“Diaspora and Comparison: The Global Irish as a Case Study,” Journal of American History, 90 (June 2003): 134-62. [PDF]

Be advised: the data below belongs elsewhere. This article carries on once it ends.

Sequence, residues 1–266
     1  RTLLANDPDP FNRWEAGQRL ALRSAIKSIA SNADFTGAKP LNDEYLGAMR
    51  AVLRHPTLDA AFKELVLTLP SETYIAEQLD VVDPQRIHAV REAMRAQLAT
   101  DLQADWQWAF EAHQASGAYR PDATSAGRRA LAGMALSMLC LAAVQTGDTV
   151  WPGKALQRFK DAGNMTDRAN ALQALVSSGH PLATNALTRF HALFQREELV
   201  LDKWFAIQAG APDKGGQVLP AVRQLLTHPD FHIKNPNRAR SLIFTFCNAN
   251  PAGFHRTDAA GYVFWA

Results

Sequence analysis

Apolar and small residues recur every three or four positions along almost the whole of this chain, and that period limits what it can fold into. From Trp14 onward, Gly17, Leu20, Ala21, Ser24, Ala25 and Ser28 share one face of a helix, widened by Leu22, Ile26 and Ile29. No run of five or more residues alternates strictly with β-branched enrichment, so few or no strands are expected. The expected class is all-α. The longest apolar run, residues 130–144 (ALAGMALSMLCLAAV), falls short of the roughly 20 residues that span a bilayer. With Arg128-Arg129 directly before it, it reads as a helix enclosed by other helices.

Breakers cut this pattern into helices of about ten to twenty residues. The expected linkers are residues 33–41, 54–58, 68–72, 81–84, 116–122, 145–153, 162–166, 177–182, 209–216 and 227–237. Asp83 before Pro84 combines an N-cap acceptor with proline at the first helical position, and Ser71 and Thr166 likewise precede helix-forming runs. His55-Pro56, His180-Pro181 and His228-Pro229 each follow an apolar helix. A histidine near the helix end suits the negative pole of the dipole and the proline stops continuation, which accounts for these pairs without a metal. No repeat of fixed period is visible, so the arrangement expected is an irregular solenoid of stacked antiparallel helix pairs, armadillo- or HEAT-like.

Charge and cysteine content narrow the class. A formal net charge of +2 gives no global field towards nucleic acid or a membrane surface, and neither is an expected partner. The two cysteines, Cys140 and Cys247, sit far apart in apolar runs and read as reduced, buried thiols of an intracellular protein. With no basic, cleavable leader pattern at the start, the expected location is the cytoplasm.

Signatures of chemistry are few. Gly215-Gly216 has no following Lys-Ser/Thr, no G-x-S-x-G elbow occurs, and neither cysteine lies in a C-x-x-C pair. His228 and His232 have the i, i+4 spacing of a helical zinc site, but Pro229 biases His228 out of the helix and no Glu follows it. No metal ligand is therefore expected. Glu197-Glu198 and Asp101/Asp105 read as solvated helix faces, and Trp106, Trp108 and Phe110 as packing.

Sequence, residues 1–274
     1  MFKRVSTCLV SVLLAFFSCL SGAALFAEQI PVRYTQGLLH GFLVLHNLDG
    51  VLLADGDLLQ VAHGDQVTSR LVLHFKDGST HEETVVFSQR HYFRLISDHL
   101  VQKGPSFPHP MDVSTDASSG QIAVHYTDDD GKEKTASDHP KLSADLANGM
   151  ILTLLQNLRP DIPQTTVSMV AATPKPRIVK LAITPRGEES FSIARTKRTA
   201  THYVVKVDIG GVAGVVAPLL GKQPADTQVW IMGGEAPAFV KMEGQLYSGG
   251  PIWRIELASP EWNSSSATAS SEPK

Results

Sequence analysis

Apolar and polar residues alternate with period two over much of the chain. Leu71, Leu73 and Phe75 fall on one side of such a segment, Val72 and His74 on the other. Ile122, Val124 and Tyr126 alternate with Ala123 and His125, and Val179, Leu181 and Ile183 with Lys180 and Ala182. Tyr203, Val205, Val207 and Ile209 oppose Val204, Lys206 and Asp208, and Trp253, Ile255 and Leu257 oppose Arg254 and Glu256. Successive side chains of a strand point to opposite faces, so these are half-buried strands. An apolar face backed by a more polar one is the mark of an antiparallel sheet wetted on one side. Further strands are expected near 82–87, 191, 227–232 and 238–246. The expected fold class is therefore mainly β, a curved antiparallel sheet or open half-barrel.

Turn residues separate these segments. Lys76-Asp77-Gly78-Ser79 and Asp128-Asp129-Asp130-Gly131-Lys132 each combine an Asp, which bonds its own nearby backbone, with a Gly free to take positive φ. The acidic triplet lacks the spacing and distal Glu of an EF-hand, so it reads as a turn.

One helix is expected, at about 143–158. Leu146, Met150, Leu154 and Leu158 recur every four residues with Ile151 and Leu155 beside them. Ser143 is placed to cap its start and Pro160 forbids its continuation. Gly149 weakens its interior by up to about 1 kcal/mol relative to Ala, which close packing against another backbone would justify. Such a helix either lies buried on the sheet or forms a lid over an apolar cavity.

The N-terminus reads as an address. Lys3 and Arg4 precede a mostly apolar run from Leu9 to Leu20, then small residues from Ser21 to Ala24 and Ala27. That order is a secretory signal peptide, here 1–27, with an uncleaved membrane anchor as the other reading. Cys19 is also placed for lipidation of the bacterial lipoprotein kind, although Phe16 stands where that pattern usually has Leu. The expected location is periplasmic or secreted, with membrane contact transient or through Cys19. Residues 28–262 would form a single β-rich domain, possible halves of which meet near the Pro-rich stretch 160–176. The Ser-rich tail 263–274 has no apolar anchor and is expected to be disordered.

The dominant theme in the recent historiography of the United States is the need to extend the boundaries of inquiry beyond the nation state, to internationalize the subject by placing it in a variety of global and cosmopolitan settings. The study of immigration and ethnicity ought to fit comfortably into this framework, but there is considerable confusion over the appropriate perspective and methodology. By investigating the global history of one prominent migrant group, the Irish, this article seeks to delineate an approach suitable for American immigration history as a whole. That approach combines two perspectives, the diasporic and the comparative. Diasporic (or “transnational”) history seeks to transcend the nation state as the primary unit of historical analysis, searching for reciprocal interactions and sensibilities among globally scattered communities. Comparative (or “cross-national”) history examines specific similarities and differences between the nations or national regions where migrants have settled. Nation-based comparative history, on its own, cannot capture the fluid and interactive processes at the heart of migration history; but a strictly transnational approach tends to underestimate the enduring power of nation states as the settings in which particular ethnicities emerge. By tracing the genealogy of the term “diaspora” through its several incarnations, explaining the nature of cross-national history, and examining migration, race, and nationalism as three illustrative themes, this article proposes a flexible new framework for migration history.